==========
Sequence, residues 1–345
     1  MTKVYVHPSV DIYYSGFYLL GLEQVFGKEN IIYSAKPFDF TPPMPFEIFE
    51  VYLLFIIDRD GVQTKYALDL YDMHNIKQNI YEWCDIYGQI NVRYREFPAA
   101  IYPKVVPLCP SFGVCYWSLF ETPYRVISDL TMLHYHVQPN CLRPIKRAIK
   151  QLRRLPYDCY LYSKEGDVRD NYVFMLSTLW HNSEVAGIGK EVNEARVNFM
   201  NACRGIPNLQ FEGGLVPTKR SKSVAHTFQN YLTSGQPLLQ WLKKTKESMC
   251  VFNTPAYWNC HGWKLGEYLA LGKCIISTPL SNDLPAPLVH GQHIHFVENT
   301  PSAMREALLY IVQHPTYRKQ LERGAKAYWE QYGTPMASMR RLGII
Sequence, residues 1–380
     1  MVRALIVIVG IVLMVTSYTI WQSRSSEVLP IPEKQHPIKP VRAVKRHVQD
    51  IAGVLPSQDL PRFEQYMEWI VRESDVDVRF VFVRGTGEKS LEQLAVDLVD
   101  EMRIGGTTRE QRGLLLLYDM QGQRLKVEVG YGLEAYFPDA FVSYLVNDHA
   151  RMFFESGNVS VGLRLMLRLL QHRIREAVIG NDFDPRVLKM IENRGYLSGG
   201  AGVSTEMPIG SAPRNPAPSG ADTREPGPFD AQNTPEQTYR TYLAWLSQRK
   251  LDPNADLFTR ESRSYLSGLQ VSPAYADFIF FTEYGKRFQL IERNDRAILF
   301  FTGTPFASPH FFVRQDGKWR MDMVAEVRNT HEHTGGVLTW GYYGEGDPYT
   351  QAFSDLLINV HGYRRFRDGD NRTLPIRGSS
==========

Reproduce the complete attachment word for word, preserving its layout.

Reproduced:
Sequence, residues 1–345
     1  MTKVYVHPSV DIYYSGFYLL GLEQVFGKEN IIYSAKPFDF TPPMPFEIFE
    51  VYLLFIIDRD GVQTKYALDL YDMHNIKQNI YEWCDIYGQI NVRYREFPAA
   101  IYPKVVPLCP SFGVCYWSLF ETPYRVISDL TMLHYHVQPN CLRPIKRAIK
   151  QLRRLPYDCY LYSKEGDVRD NYVFMLSTLW HNSEVAGIGK EVNEARVNFM
   201  NACRGIPNLQ FEGGLVPTKR SKSVAHTFQN YLTSGQPLLQ WLKKTKESMC
   251  VFNTPAYWNC HGWKLGEYLA LGKCIISTPL SNDLPAPLVH GQHIHFVENT
   301  PSAMREALLY IVQHPTYRKQ LERGAKAYWE QYGTPMASMR RLGII
Sequence, residues 1–380
     1  MVRALIVIVG IVLMVTSYTI WQSRSSEVLP IPEKQHPIKP VRAVKRHVQD
    51  IAGVLPSQDL PRFEQYMEWI VRESDVDVRF VFVRGTGEKS LEQLAVDLVD
   101  EMRIGGTTRE QRGLLLLYDM QGQRLKVEVG YGLEAYFPDA FVSYLVNDHA
   151  RMFFESGNVS VGLRLMLRLL QHRIREAVIG NDFDPRVLKM IENRGYLSGG
   201  AGVSTEMPIG SAPRNPAPSG ADTREPGPFD AQNTPEQTYR TYLAWLSQRK
   251  LDPNADLFTR ESRSYLSGLQ VSPAYADFIF FTEYGKRFQL IERNDRAILF
   301  FTGTPFASPH FFVRQDGKWR MDMVAEVRNT HEHTGGVLTW GYYGEGDPYT
   351  QAFSDLLINV HGYRRFRDGD NRTLPIRGSS